Retail Gazette Spotlight: Boxpark Wembley
— 18 Jan 2019 by Matt Carter
Spotlight: Boxpark Wembley
Article: RETAIL GAZETTE
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Boxpark founder Roger Wade, who launched the third and largest Boxpark late in December, has seemingly discovered a simple yet effective solution to retails current predicament.
At the height of the space race in the 1960s, so the legend goes, NASA’s astronauts realised their pens would not work in zero gravity.
To rectify this issue, NASA threw millions of dollars developing a pen that could work in space, while their crafty Soviet counterparts simply handed their astronauts pencils. Although this tale has been fairly definitively dismissed as a myth, its central premise that the simplest solutions are often the most effective remains apt.
Retail is not quite rocket science, but the major challenges and changes facing the sector make surviving a rather complex task.
Just like the pencil, Boxpark founder Roger Wade – who launched the third and largest Boxpark in Wembley, north west London in late December – has seemingly discovered a simple yet effective solution for the sector.
“People like to complicate retail and its actually very simple,” he told the Retail Gazette.
“Some of the greatest retailers I know, know the simplicity of retail and appreciate it.”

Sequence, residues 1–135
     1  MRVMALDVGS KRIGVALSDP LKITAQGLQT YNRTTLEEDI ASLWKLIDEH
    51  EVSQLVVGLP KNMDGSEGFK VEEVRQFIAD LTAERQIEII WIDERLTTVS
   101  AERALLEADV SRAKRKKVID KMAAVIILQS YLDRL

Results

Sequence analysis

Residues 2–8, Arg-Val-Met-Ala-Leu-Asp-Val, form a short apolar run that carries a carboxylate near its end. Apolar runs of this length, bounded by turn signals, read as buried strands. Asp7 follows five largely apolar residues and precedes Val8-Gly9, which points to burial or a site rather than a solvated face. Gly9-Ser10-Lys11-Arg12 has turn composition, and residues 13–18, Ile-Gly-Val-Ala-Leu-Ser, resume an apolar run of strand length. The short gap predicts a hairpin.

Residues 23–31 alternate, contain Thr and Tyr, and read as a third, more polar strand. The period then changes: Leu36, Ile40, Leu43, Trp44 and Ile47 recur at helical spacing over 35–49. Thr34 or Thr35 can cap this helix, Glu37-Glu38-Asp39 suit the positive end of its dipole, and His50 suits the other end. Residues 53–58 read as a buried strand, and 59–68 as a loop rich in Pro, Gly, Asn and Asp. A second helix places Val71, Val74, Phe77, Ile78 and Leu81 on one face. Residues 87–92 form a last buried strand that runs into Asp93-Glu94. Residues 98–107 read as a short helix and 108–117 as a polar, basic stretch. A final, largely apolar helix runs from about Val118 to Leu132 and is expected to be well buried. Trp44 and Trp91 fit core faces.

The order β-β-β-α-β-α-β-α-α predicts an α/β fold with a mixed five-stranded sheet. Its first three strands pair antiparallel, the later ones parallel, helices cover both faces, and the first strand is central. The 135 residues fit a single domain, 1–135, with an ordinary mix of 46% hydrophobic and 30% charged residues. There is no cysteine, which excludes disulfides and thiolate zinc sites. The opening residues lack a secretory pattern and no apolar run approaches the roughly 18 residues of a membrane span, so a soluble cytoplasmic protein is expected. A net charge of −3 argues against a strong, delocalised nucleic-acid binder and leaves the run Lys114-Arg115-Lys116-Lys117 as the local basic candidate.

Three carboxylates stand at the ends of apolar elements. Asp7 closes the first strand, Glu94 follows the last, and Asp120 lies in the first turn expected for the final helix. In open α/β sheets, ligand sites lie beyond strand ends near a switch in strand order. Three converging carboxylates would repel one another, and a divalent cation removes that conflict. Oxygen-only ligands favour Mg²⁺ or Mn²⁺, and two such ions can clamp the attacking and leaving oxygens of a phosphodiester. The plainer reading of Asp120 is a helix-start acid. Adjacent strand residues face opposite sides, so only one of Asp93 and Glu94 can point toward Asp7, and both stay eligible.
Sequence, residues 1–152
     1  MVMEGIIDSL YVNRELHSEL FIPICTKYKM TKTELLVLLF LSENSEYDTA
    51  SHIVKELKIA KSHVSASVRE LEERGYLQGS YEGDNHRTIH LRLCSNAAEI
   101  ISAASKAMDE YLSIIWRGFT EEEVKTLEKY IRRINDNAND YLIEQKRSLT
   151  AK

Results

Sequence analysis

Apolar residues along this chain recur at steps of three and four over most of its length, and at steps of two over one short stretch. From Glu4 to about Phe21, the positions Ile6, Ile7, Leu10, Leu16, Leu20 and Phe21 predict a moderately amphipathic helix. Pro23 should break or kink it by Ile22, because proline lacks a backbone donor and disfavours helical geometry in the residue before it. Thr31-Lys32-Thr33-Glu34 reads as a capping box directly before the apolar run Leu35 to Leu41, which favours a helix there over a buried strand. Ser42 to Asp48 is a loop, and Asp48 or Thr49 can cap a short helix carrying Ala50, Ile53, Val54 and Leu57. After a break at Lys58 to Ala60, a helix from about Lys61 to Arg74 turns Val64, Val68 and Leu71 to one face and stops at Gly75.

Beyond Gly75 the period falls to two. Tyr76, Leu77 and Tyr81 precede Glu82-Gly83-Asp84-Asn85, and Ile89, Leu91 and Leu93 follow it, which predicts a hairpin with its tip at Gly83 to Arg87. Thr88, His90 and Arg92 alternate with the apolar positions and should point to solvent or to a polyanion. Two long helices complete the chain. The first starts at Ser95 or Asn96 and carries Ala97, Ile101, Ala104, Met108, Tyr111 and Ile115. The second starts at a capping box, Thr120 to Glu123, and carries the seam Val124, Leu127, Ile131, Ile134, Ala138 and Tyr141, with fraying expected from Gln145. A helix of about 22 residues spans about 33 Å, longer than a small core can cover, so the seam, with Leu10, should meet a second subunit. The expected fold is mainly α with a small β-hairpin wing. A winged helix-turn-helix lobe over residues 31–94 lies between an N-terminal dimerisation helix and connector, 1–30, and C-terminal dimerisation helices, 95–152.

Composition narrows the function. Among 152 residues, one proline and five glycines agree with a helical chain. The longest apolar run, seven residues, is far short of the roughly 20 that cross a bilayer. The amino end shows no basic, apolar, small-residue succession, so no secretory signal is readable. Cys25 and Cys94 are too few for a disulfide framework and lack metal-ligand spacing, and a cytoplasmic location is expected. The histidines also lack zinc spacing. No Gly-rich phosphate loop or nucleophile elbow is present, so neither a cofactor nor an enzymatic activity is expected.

The latest evolution of Boxpark, which spans 50,000sq ft of retail and leisure space, stands as a physical manifestation of Wade’s ethos of simplicity.
Most immediately this simplicity can be found in its warehouse-like aesthetics, sporting a corrugated iron roof with exposed air conditioning, minimalist black and white décor and around 30 industrial-feeling retail and leisure units.
“I had a love of container architecture, it started when I was selling from the market stall and saw my goods being shipped in a container as a sign of success,” Wade said.
“I was already doing that with Boxfresh, I already had a store which was once a single container, to be honest it was only a matter of putting loads of containers together.”
The warehouse feel is accentuated by the 20,000sq ft space at its centre, overlooked by a second floor balcony that makes it reminiscent of a nightclub.
Of course, this is entirely deliberate and represents the first and perhaps most vital part of Wade’s simplistic three-part theory for retail success.
“Content is number one, if you don’t have great content you won’t exist, our content here is the traders we have and the events we put on,” he said.
“If you’re not entertaining the customer you don’t really exist, so I’m obsessed with that.”
This vast open hall doubles as a 2500 capacity events space, and there are already events ranging from yoga to movie nights, and even headline DJ nights booked until March.
Next in Wade’s rules for retail success is traffic, because “if you don’t create traffic to your content then you won’t exist”.
Unlike Boxpark’s other London locations in Shoreditch and Croydon, footfall at its Wembley location is all but guaranteed.
As part of the £3 billion Wembley Park development, which will eventually span 85 acres and include four distinct retail precincts, potential customers are never far away. Not only is the 90,000 capacity Wembley Stadium within easy walking distance, but the nearby London Designer Outlet centre boasted seven million visitors last year, more than both Wembley Stadium and neighbouring SSE Arena.